Category Archives: lose pounds

Michael L. Love: Flavonoid blast fudge recipe

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Work on the fudge recipe continues.  Although I have been very busy with other things, I could not resist sharing my latest recipe idea.  Last weekend when I was causing my Memorial Day ruckus and getting my Twitter account temporarily suspended, I was enjoying elderberry fudge.

As some of you probably know, elderberry is the queen of the berries with respect to flavonoid content, and Vitacost offers some fine elderberry extracts in order to maximize the flavonoid content.  With elderberry combined with cocoa, this fudge is a literal flavonoid blast!

I must apologize that this recipe is still experimental, and I am having a hard time getting exact portion measurements, so you might have to adjust the ratio of elderberry extract to cocoa powder in order to get the desired consistency.  It should also be noted that this preparation is likely easily adapted as healthful and delicious cocoa/berry spread and syrup.  In fact, this preparation is so beneficial and tasty that I thought it imperative to share the recipe, even though it is still somewhat unfinished.

The key idea was to substitute elderberry extract for the agave nectar from the previous fudge recipe.  Unlike the agave nectar, elderberry extract has concentrated astringent solutes, so that it is necessary to add quite abit more extract than agave nectar in order to match the moisture content.  In my judgement this also made the fudge much more sticky, and so I have adjusted the recipe and preparation in order to address this problem and reduce the preparation time. 

Before proceeding with the recipe, it should also be noted that the elderberry extract is far more expensive than agave nectar, so it is likely that this recipe is more for special occasions.  Here is the recipe for two portions.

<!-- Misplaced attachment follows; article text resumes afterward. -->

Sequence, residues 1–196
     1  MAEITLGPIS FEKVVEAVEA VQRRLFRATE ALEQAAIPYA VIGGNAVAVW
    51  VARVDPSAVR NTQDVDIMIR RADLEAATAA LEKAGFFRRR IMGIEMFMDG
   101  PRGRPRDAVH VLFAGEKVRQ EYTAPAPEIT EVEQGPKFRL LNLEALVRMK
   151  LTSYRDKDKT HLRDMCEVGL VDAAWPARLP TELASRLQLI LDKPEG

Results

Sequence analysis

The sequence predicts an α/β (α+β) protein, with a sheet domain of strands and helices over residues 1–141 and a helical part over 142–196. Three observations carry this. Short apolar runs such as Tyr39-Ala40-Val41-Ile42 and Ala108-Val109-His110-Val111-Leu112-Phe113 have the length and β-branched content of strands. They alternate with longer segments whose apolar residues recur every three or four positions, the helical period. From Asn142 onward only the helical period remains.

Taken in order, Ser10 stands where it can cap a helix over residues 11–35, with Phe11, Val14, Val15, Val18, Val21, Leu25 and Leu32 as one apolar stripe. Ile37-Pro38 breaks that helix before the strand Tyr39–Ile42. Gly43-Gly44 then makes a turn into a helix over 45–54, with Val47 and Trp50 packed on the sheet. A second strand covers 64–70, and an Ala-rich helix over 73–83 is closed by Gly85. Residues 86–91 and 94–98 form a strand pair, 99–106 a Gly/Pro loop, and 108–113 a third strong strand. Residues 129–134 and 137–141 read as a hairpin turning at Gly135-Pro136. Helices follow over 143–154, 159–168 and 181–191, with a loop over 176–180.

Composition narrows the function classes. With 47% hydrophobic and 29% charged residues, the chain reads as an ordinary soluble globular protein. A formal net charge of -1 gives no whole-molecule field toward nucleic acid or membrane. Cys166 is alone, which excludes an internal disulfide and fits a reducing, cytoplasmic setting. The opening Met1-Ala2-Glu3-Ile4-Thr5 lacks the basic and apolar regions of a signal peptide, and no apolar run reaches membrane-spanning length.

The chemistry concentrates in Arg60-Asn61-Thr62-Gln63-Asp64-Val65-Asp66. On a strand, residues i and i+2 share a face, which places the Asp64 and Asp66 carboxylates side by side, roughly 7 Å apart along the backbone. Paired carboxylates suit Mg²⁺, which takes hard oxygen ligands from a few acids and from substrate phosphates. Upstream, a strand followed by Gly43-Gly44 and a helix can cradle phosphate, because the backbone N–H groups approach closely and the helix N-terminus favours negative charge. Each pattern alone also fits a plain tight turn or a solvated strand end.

2 heaping tablespoons cocoa powder
4 tablespoons elderberry extract
1/2 teaspoon low lignan flax or olive oil

Mix ingredients and/or knead until the desired consistency is obtained.  It may be necessary to add more cocoa or extract in order to obtain the desired result.  If you scale up, use a food processor and save yourself much work.  You might obtain soft granules that look a little like coffee grounds, which works pretty well. Press the fudge into suitable containers and cut into squares.

If you are using highly concentrated extract, then it might be necessary to sweeten with a teaspoon of agave nectar.  Substitution of other fruit concentrates, such as cranberry, pomegranate, blueberry, or cherry will likely work as well, although the flavonoid content will be somewhat lower.  The oil reduces the stickiness and makes the fudge easier to handle, but it also likely improves the absorption of the flavonoids vastly.  In my subjective experience, this recipe is comparable to parsley in terms of the flavonoid impact.  Please enjoy this delicious fudge, and the intended health benefits as well!  Write in and let me know what you think of it.